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2022 Annual Summer Meeting

2022 Annual Summer Meeting

Past Events

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2022 Annual SNEC Summer Meeting

The Southern New England Chapter of the Soil and Water Conservation Society is hosting a field excursion on Wednesday, July 20 in Kingston, Rhode Island in collaboration with the URI Cooperative Extension. The event will begin with our SNEC Annual Meeting (open to all attendees, members and non-members) which is when we will announce the results of our 2022-23 Board of Directors Election, reflect on the past year, and discuss our goals for the future of the Chapter. Following this, we will hear from members of the University of Rhode Island Cooperative Extension, Alissa Cox and Elizabeth Herron. Elizabeth Herron is the Program Coordinator for URI’s Watershed Watch Program, Rhode Island’s largest volunteer water quality monitoring. She is actively involved in assessing water quality and watershed conditions throughout the state, including lakes, ponds, streams, salt ponds, and marine beaches. 

Alissa Cox is the director of the New England Onsite Wastewater Training Program (NEOSTP). She earned her PhD in URI’s Laboratory of Soil Ecology and Microbiology (LSEM) and is a Clinical Assistant Professor in the Natural Resources Science department at URI. Alissa Cox will speak on the performance of different advanced treatment technologies and their effects on local water quality. After the presentations, attendees will participate in a guided tour of the Wastewater Treatment Center and Peckham Farm. After lunch, we’ll tour the onsite wastewater training center at Peckham Farm, where we’ll look at examples and explore the functions of different types of septic system technologies in our model systems. Afterward, we’ll go on a driving tour adapted from a tour developed by our partners at the Town of Charlestown to illustrate how advanced wastewater treatment matters, and what’s at stake.

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2021 Summer Meeting

2021 Summer Meeting –
Urban Soils & Environmental Justice Panel Discussion

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2021 Annual Summer Meeting

Join the Southern New England Chapter of the Soil and Water Conservation Society for a virtual panel discussion concerning the current status of our often-overlooked urban soils. 

Event Flyer

 We will look for opportunities to enhance the functions and values of these soils with emphasis on benefits to the human environment in the context of environmental justice. We plan to address urban soil reconnaissance, regeneration, and how our relationship to the soil informs our use of this resource. Our overall goal is to spark a discussion about the environmental justice movement and explore strategies to enlist all levels of stakeholders in urban soil restoration and utilization.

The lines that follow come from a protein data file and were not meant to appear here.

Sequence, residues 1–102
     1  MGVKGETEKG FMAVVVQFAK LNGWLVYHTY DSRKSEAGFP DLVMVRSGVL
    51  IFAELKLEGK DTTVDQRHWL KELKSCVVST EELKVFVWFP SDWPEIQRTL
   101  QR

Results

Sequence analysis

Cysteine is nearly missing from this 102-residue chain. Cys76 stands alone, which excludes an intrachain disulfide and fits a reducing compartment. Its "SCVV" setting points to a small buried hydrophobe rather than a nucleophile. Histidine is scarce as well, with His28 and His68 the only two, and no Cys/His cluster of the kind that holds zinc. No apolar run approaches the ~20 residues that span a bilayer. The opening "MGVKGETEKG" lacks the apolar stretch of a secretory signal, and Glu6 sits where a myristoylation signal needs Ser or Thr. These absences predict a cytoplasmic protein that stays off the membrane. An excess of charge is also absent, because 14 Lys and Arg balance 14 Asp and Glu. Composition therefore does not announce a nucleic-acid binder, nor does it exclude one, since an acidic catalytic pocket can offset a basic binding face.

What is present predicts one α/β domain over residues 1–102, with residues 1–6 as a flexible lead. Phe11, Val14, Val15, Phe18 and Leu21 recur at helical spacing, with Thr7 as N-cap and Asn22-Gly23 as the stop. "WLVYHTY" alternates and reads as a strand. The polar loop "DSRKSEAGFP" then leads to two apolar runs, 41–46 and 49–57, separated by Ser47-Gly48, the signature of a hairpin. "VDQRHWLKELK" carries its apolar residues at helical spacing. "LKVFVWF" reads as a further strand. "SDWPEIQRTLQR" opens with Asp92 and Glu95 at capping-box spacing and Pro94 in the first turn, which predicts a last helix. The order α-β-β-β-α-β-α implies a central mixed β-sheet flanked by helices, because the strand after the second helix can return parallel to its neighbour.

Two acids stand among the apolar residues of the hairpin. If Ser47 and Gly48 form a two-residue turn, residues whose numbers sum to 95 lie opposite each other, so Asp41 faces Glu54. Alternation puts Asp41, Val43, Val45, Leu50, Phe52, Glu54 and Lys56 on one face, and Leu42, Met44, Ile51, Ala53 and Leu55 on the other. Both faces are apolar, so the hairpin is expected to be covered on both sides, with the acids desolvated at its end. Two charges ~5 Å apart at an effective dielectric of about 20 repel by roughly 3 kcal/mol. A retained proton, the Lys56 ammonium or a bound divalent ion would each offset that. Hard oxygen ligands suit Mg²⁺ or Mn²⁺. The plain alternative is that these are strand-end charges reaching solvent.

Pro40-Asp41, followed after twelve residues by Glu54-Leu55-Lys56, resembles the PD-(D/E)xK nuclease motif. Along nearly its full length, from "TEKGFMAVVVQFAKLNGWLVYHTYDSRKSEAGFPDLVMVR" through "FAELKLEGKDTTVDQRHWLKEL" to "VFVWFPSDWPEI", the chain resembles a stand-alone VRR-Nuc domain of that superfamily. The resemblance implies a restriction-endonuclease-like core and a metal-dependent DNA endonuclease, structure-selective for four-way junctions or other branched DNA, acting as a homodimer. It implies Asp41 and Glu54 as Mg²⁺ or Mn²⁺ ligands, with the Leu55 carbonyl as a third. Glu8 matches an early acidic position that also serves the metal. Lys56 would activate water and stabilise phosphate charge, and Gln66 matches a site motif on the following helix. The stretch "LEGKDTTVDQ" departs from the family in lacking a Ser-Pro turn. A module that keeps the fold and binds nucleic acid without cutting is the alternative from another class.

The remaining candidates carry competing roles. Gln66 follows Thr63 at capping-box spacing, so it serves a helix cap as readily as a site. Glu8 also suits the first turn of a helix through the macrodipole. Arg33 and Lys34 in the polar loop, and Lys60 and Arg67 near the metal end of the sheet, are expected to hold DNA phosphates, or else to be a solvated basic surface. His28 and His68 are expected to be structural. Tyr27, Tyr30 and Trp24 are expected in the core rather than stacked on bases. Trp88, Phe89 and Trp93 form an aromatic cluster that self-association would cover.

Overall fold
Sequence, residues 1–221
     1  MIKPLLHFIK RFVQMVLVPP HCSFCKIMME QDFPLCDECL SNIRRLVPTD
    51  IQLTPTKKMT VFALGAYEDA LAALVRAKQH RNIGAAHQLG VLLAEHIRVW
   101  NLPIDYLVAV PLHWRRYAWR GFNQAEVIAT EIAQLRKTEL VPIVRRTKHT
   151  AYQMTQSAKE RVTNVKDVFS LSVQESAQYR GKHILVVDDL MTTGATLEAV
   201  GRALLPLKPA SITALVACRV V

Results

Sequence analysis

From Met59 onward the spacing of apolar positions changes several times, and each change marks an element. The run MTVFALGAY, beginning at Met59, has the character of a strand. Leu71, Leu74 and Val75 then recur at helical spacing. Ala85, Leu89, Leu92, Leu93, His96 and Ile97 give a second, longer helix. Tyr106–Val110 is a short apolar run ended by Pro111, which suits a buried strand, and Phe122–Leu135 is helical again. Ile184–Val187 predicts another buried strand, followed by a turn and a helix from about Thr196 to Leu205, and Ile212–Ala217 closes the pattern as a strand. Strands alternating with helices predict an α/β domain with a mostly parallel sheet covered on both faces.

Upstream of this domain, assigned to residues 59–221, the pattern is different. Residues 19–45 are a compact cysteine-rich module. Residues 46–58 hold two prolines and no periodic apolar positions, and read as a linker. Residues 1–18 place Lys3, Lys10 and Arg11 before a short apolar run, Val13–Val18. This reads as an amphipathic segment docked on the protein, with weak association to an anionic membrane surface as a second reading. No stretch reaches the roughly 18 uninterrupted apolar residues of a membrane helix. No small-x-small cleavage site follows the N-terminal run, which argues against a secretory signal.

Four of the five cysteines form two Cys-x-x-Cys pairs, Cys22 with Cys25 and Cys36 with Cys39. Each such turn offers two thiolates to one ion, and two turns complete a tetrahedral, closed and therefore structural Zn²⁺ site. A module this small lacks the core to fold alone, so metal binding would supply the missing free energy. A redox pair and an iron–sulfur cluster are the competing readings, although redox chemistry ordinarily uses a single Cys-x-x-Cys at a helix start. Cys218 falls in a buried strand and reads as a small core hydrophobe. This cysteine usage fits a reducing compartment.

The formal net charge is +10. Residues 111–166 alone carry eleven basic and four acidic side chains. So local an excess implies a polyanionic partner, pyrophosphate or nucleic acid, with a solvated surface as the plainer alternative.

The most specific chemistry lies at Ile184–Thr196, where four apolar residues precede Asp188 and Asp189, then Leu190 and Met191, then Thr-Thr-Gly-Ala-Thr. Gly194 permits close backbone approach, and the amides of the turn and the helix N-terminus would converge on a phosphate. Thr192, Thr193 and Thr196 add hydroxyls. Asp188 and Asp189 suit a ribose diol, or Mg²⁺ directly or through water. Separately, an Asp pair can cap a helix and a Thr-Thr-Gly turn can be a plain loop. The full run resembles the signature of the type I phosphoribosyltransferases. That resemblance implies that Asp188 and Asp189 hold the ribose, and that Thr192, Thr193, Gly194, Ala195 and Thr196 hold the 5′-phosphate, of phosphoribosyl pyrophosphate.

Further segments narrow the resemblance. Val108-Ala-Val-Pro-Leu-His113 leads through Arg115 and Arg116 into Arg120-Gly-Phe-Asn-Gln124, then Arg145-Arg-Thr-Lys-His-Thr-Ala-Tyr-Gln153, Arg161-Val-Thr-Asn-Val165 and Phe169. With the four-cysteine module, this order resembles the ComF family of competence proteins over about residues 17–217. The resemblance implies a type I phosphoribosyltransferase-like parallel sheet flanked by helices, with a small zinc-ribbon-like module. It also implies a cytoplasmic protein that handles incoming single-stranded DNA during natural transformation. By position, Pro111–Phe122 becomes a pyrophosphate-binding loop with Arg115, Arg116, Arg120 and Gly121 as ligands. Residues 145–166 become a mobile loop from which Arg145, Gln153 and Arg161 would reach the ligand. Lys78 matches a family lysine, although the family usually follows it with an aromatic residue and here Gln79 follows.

Following our panelist presentations, we will have time for a guided Q&A session before moving into the SWCS Southern New England Chapter Annual Meeting. In this meeting (open to all attendees) we will announce the results of our 2021-22 Board of Directors Election, reflect on the past year, and discuss our goals for the future of the Chapter.

$10 Students | $20 SWCS Members | $25 General Admission


10am – Introductions & Topic Overview
10:15am – Panelist Presentations
  11am – Guided Q&A
  11:30am – SNEC Annual Meeting

EnviroCert Credits

The Southern New England Chapter’s 2021 Annual Summer Meeting Urban Soils & Environmental Justice panel discussion and Q&A session is approved by EnviroCert International, Inc. for professional development hours (PDH). 

Every fifty (50) minutes of contact or participation time will earn one (1) PDH. PDHs can be documented via a copy of your attendance record. Our panel will provide 90 minutes of discussion.

Event Details

The panel will be moderated by Denise Savageau, whose impressive roles in the conservation community include President of the Connecticut Association of Conservation Districts, Chair of the Connecticut Council on Soil and Water Conservation, and board member of the National Association of Conservation Districts and Chair of Northeast Region among several other positions.

Our panelists:
Sara Shostak  Professor in the Department of Sociology at Brandeis University
Thomas L. Morgart  State Conservationist, Connecticut NRCS
Cassius Spears  Member of the Narragansett Indian Tribe & President of the Rhode Island Association of Conservation Districts

SNEC 2021 Annual Meeting

Thank you for joining us to discuss the past year at SNEC! We recapped our 2020-2021 events, internship program, and our 2021 goals in effect. We then looked forward to our next year’s event calendar, our newly elected Board of Directors, and set goals for our upcoming year.

Contact us at for more information! 

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2020 Summer Meeting

2020 Summer Meeting –
COVID-19: Early Effects on Agriculture and Dairy Production

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Friday June 26th @ 2pm